You can say someone is your favorite artist or musician, but in the case of someone like Frank Zappa or, in this instance Miles Davis, it’s near impossible to be well versed in every aspect of their discography. How do you gain a level of understanding broad and deep enough to qualify/quantify the man is your favorite when there are literally troves of live, alternate, and side performances to sift through? I often find myself settling back to the 10 or so “home base” recordings that solidified my love for Davis, but the beauty of someone with as many records as he has is the joy of returning to less tread waters, exploring albums you’re not nearly as familiar or comfortable with. Hence Live-Evil, which ironically was the first Miles I found and purchased on vinyl.
It’s a double album comprised of both live and studio tracks (though sequenced so that the tracks interchange) with different lineups, hence the play on words for the title. The four live tracks were recorded December 19th, 1970 at the Cellar Door in Washington, DC while the studio tracks were take from a few sessions earlier in the year. Even taking into account the dichonomy of studio versus live, the difference in intent between the two are kind of startling when listening to Live-Evil’s sequence as opposed to, say, the incendiary box set The Cellar Door Sessions 1970 which captures all the shows from which the live tracks are taken.
Although not yet a full member of the band, John McLaughlin joined Davis and company for the live shows, and you can him him real time explore and find his place within the massive jams Davis conducts. Coming off the heels of Bitches Brew Davis is in full funk rock odyssey mode, putting his trumpet through wah pedals and assorted effects, treating it like a punctuation mark to the grooves laid out by a murderer’s row of talent, including Jack DeJohnette on drums, Michael Henderson on bass, and Keith Jarrett on keyboards. Opener “Sivad” gives you everything you could want from a band of that caliber before taking a sharp left to the brief composed arrangement of “Little Church”. There’s a modern classical feel to the track, with the musicians coming together to create a complex tone. It’s short, almost an interlude to the dark rock jam “Medley: Gemini/Double Image” recorded a few months earlier and boasting Joe Zawinul (who cowrote the track; “Double Image” would later appear on his solo album) and Chick Corea on keys, Wayne Shorter on sax, and McLaughlin bringing a hefty does of ominous discordia to the track.
(Note: Ominous Discordia has to be my new band name)
But it’s the live tracks that really get me. The funky bass that opens “What I Say?” with the cowbell instantly gets you on your feet. It’s also a great showcase for Jarrett’s keys – the man can funkify with the best of them, and Davis is in top form. Side 2 ends with the studio cut “Nem Um Talvez” featuring a more composed, orchestral approach, bringing more of Davis’s past back including Ron Carter from the legendary 60s quintet on bass. It’s nicely, especially the small percussive touches by Airto Moreira, but when I listen I feel like it’s a breather for the more rocking, electric tracks.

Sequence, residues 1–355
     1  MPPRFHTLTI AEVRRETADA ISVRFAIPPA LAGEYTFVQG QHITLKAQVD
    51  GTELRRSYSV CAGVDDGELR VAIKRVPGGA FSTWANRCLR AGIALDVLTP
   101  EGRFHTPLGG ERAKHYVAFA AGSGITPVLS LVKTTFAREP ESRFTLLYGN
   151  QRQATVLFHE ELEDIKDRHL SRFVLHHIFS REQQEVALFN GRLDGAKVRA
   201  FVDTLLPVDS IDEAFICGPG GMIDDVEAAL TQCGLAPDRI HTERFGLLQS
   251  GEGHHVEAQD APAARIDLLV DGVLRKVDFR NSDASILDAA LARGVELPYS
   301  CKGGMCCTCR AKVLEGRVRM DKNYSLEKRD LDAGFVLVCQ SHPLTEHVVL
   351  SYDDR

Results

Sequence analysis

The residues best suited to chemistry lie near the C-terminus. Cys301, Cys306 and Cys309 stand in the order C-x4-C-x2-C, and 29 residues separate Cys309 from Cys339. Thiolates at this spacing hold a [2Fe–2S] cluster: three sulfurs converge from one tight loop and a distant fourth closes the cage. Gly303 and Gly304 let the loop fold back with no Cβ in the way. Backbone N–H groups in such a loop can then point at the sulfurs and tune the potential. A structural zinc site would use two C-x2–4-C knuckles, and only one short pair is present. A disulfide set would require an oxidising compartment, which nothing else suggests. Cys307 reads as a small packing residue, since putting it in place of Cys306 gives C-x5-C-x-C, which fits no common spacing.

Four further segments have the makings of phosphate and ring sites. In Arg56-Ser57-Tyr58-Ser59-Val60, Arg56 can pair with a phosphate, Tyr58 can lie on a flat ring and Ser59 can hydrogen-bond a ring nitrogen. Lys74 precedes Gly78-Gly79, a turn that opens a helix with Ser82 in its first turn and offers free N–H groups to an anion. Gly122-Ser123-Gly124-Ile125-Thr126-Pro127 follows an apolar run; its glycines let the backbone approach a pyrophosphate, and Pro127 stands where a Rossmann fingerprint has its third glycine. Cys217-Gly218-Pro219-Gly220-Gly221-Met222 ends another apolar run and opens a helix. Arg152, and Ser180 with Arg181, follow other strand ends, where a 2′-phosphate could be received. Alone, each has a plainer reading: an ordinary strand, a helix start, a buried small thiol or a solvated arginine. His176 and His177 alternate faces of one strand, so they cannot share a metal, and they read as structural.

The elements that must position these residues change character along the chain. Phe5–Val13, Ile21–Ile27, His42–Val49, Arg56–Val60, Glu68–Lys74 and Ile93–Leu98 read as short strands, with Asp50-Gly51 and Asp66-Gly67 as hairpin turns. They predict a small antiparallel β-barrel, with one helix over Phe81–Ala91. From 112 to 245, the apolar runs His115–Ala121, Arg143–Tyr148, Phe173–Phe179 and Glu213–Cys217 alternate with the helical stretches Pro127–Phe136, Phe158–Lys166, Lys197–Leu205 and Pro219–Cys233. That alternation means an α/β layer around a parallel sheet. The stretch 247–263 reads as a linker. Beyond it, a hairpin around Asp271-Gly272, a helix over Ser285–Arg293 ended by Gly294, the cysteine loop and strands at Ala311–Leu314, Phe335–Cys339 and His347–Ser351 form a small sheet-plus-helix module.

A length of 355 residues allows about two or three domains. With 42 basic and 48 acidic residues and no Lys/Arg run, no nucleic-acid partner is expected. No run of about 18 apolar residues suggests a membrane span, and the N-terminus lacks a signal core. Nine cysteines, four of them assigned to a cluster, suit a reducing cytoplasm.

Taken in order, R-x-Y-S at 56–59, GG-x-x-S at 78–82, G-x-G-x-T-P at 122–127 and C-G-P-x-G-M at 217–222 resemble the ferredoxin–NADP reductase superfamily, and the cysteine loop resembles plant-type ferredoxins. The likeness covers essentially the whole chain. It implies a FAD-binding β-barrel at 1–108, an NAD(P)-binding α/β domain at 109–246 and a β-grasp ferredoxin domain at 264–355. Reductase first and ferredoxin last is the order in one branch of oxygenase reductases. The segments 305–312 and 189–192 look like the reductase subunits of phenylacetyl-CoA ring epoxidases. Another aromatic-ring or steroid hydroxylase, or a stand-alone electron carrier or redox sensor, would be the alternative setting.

And since this is a double LP, there’s plenty more of that. Taking aside the brief “Selim” (all the studio tracks except the medley were written by drummer Hermeto Pascoul) that opens Side 3 and recalls the collaborations between Davis and Gil Evans it jumps into the 23-minute “Funky Tonk”. Davis’s trumpet explorations recall more of the Bitches Brew vibe from the previous year rather than the more overtly funk/rock feel of classics like On The Corner which would immediately follow this. I love the simultaneous soloing going on, hearing the blast of runs of both bass and organ behind Davis. Finally the whole of Side 4 is dedicated to “Inamorata and Narration by Conrad Roberts”. If it’s the longest of the tracks, it’s also maybe the most unfocused and lackluster, although with musicians calling anything on the track bad or even mediocre would be ridiculous. But if I’m being honest it’s the place where I can hear McLaughlin struggle the most to engage with the rest of the band in an organic way.
It’s honestly been years since I’ve listened to Live-Evil, and one of the interesting things I discovered going into this listen is that the live/studio demarcations were even more blurred than I realized. Each “performance” in this instance was meticulously spliced to create what we hear: on “Sivad” the performances were cut together from different sections of performances throughout the band’s second set, and even has about 45 seconds of music spliced in from the May 1970 studio sessions. The final two sections of “Inamorata” which comprises the last three minutes (including the Conrad narration) wasn’t even from the Cellar Door sessions. It’s a Zappa level production job (longtime producer Teo Macero handles that chore) and the fact that it comes through relatively seamless is just another marvel of the album.
Dig that Davis, man. I have plenty more in the tank on both vinyl and CD so I’m sure we’ll be back sooner rather than later.